Business Ideas: Dealership of Softdrinks and Beer

Beer and softdrinks are among the staple drinks in the lives of Filipinos. Many of us drink softdrinks and/or beer on a daily or weekly basis – and these drinks are certainly always available in Pinoy events like fiestas, birthdays, weddings, and just about any special occasion or gathering. Thus, there is no question that a dealership of softdrinks and beer would be a lucrative business.

So, how can you start a softdrink and beer dealership? The answer is quite simple yet also complicated.

Coke warehouse Kevin Rutherford [CC BY-SA 4.0 or CC BY-SA 4.0], via Wikimedia Commons
Coke warehouse
Kevin Rutherford [CC BY-SA 4.0 or CC BY-SA 4.0], via Wikimedia Commons

Ask and Apply

Companies have different rules when it comes to dealership. For example, some companies only allow one dealer to handle sales for a certain area (often, the entire town or city); thus, the only way you can start a business with them is to be a sub-dealer which means you buy from the designated dealer instead of directly from the company.

Still, you will never know unless you try; thus, the best thing to do is make a proposal, provide the company with a list of things you have, including equipment, manpower, location, space, capital, etc.

Determine Your Market

If the company rejected your application for dealership because they only accept one dealer per area, do not be dismayed. Most of the businesses selling softdrinks and beer are sub-dealers, anyway. You can still get a good profit as a sub-dealer, depending of course on a lot of factors.

Although it would be fantastic if you get key accounts like malls and shopping centers under your dealership/sub-dealership, you must remember that these primary accounts often pay up after a couple of months, say 3 months. If you hit the jackpot and get these accounts, be prepared to have a working capital for at least 3 months or your business could suffer because you have to wait for the company to pay you up!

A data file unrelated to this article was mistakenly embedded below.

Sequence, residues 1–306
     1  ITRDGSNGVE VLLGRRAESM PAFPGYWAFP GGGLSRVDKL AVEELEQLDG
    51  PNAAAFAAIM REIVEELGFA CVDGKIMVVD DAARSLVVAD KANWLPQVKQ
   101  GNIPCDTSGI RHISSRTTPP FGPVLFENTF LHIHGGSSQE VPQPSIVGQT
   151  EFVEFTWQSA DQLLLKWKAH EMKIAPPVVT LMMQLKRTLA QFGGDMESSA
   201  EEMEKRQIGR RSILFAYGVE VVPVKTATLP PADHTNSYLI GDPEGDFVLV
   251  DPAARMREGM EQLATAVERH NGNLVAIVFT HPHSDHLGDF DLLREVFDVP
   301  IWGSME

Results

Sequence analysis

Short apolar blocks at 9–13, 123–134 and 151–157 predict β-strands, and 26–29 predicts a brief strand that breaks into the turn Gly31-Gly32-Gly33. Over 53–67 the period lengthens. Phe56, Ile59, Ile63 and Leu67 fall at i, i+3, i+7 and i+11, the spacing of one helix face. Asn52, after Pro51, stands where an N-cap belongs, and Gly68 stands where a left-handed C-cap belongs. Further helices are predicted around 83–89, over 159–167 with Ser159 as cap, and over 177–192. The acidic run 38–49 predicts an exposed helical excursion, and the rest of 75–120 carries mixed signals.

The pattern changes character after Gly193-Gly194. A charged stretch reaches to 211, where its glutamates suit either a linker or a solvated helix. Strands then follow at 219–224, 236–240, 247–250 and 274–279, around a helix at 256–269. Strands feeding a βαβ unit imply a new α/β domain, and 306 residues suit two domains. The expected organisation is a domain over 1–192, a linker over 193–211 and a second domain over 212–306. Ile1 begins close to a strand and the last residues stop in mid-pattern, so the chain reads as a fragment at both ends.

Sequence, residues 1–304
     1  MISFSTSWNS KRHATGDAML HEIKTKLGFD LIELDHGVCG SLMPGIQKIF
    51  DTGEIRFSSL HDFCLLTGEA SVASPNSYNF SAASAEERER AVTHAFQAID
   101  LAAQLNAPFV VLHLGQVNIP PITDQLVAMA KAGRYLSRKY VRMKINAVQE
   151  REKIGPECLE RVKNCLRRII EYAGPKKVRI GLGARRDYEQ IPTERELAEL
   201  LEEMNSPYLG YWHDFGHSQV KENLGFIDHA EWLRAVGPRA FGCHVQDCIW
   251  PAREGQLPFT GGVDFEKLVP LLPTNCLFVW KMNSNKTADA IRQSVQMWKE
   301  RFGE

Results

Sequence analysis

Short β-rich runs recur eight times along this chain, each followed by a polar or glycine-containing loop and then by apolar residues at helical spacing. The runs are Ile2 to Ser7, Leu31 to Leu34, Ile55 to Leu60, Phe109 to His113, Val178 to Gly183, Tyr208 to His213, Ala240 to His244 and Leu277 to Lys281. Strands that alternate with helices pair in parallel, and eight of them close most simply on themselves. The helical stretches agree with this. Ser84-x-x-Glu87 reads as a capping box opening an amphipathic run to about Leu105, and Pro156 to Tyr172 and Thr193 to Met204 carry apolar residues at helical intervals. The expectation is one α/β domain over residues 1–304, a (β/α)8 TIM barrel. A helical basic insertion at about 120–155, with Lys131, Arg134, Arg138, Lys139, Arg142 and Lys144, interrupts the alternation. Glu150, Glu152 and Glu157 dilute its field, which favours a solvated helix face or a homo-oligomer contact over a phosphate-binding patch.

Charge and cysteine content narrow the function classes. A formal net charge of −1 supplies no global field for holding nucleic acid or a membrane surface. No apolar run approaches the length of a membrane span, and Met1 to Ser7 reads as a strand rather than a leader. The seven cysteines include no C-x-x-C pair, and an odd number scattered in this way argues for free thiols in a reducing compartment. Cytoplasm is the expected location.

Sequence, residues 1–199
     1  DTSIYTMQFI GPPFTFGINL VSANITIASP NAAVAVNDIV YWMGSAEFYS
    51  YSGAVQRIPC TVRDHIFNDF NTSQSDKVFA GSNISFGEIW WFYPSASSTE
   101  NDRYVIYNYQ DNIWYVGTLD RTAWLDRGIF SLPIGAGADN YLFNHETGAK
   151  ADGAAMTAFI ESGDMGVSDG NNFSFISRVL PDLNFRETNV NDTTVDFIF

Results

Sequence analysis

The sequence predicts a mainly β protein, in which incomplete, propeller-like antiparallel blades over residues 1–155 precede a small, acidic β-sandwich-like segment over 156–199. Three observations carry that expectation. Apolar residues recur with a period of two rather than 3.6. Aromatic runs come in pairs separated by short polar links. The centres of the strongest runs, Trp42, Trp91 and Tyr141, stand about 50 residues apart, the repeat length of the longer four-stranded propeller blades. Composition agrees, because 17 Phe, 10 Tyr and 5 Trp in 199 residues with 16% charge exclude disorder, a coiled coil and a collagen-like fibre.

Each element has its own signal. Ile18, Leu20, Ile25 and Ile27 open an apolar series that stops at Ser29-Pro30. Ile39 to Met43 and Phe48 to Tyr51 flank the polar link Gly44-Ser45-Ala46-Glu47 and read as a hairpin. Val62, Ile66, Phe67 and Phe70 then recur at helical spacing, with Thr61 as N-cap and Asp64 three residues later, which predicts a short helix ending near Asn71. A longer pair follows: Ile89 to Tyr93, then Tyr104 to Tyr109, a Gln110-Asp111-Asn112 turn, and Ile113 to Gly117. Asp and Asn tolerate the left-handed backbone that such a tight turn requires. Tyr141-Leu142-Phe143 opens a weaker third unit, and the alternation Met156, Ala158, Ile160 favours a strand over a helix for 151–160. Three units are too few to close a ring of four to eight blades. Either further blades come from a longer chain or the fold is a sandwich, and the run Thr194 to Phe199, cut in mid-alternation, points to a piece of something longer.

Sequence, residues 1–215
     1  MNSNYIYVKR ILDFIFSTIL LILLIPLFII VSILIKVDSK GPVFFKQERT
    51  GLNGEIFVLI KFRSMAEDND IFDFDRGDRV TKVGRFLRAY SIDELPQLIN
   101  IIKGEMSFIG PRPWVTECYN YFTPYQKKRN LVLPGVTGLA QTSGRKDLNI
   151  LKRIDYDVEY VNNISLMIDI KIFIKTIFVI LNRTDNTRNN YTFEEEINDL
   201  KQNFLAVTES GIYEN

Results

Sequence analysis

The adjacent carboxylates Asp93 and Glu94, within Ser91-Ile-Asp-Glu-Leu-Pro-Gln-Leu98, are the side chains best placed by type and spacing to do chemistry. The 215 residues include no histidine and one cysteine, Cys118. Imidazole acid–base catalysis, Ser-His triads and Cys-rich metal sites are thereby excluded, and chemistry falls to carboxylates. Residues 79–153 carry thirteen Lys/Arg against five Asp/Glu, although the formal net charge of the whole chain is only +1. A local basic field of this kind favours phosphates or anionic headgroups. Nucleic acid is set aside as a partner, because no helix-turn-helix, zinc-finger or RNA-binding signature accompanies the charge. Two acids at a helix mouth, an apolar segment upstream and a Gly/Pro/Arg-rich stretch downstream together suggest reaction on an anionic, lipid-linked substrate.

A good option is to target secondary markets such as small grocery shops, bars, or restaurants [the category could depend on the number of cash registers in the establishment] or tertiary markets such as public markets and sari-sari store.

Bear in mind that there might already be distributors handling your target market and you could be encroaching on their territory! EntrePinoys Atbp (mixph.com) suggests that you approach the distributor in your locality and try to check whether they are open to the idea of you buying from them so you can cater to your target market. This way, the distributor can share their discounts with you as sub-dealer and you do not get enemies by stealing their market.

Money Matters

How much money do you have to start the business?

In a comment on the article about Beer and Softdrink Dealership by mixph.com, Jeff of Piso and Beyond claims he only started with P15,000 capital as sub-dealer and the business has now grown and is worth at least P200,000 in less than 2 years after starting up.

This is good news to many entrepreneurs who do not have a huge capital to begin with! If Jeff was able to do it, so can you!

Of course, if you have a larger capital, you would have better chances of landing a better deal with the company, especially if you can provide trucks and manpower for distributing the merchandise to a wider area.

Be Prepared

Did you know that beer and softdrink companies do not lend you bottles for free? You have to make sure your target market is able to return empty bottles or you won’t be able to buy a new set to sell. Make plans on how you can make the target market return the bottles – ask them for a deposit, etc.

Theft, pilferage, damage in transport, accidents, and other situations could arise in the business. Be prepared to offset losses from these as it is unlikely that the beer or softdrink companies you are dealing with will cover for those. In fact, despite being in those situations, you are still required to pay up!

Also, the company might have a quota as to the number of cases you have to buy each week or month.

Lastly, be prepared to spend most of your waking hours running the company. The profit per case may not be as large as you expected so you have to target selling large volumes if you want to earn well and get back your return of investment (ROI) soon. Good luck!